Purpose: The aim was to identify additional noninvasive tools allowing to detect and to quantify the metabolic impairment in patients with mitochondrial myopathies (MM) or McArdle's disease (McA).
Methods: Kinetics of adjustment of pulmonary oxygen uptake (V˙O2 kinetics) during transitions to constant-load moderate-intensity cycle ergometer exercise were determined on 15 MM, 8 McA, 21 patients with signs and/or symptoms of metabolic myopathy but a negative biopsy ("patient controls"; P-CTRL), and 22 healthy untrained controls (CTRL).
Results: V˙O2 kinetics were slower in MM and in McA versus P-CTRL and CTRL, slower in McA versus MM, and not significantly different between P-CTRL and CTRL. The time constants (τ) of the monoexponential function describing the V˙O2 kinetics were (X¯ ± SE) 59.2 ± 8.5 s in MM, 87.6 ± 16.4 s in McA, 36.9 ± 3.1 s in P-CTRL, and 35.4 ± 1.9 s in CTRL. In a subgroup of the patients (eight MM and seven McA), τ of V˙O2 kinetics were negatively correlated with two variables determined in a previous study (Grassi B, Marzorati M, Lanfranconi F, et al. Impaired oxygen extraction in metabolic myopathies: detection and quantification by near-infrared spectroscopy. Muscle Nerve. 2007;35:510-20): a) a muscle oxygenation index, obtained by near-infrared spectroscopy, estimating the peak capacity of skeletal muscle fractional O2 extraction; and b) V˙O2 peak.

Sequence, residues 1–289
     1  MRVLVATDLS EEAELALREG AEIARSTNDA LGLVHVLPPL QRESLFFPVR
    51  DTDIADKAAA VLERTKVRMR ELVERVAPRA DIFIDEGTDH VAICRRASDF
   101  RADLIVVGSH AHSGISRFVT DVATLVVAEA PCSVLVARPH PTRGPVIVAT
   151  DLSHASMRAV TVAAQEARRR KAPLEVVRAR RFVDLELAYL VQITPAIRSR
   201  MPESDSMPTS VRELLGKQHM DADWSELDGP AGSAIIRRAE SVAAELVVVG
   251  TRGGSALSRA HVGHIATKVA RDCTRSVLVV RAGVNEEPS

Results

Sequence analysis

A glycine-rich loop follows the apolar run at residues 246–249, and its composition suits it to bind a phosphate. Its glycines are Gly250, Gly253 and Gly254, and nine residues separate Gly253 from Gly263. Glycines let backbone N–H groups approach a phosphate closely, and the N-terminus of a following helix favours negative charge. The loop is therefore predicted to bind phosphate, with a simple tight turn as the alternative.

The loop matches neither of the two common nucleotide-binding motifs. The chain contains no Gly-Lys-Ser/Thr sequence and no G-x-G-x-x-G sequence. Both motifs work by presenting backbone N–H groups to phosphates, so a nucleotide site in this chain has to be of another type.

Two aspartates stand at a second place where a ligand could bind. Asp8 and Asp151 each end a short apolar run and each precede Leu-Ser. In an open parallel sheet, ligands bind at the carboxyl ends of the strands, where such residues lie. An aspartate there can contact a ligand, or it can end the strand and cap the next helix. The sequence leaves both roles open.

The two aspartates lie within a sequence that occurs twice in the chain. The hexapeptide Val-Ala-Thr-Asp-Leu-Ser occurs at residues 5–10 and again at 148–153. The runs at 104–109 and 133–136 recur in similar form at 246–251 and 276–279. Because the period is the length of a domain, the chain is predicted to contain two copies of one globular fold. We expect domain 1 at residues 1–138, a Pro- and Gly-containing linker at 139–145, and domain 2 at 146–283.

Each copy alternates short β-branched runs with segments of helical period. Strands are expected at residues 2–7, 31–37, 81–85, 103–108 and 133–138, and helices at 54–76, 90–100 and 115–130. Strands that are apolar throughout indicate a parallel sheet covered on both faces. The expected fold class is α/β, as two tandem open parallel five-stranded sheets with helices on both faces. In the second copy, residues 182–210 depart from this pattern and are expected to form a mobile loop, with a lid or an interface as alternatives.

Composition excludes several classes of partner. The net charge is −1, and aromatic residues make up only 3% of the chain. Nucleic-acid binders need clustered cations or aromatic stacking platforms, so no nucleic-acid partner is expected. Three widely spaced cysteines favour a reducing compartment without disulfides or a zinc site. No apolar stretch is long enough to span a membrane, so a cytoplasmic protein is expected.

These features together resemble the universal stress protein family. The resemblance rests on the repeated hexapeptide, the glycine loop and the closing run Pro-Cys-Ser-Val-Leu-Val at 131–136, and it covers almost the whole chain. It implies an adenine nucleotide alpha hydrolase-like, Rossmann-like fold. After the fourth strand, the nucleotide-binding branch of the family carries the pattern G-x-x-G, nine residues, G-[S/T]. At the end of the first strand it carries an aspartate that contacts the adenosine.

Conclusions: In MM and McA patients, analysis of pulmonary V˙O2 kinetics during moderate-intensity exercise allows to identify and to quantify, noninvasively, the impairment of skeletal muscle oxidative metabolism. In these patients, the slower V˙O2 kinetics can be considered a marker of the impaired exercise tolerance. The present data could be useful for clinicians who need an objective, quantitative, and longitudinal evaluation of the impairment to be used in the follow-up of these patients as well as in the assessment of therapeutic interventions.
1Department of Science and Biomedical Technologies, University of Udine, Udine, ITALY; 2Department of Science and Biomedical Technologies, University of Milano, Segrate (MI), ITALY; 3Institute of Bioimaging and Molecular Physiology, CNR, Segrate (MI), ITALY; and 4Department of Neuromuscular Diseases, Istituto Neurologico "Carlo Besta" IRCCS, Milano, ITALY
Address for correspondence: Bruno Grassi, M.D., Ph.D., Dipartimento di Scienze e Tecnologie Biomediche, Università degli Studi di Udine, Piazzale M. Kolbe 4, I-33100 Udine, Italy; E-mail: email@example.com.
Submitted for publication December 2008.
Accepted for publication April 2009.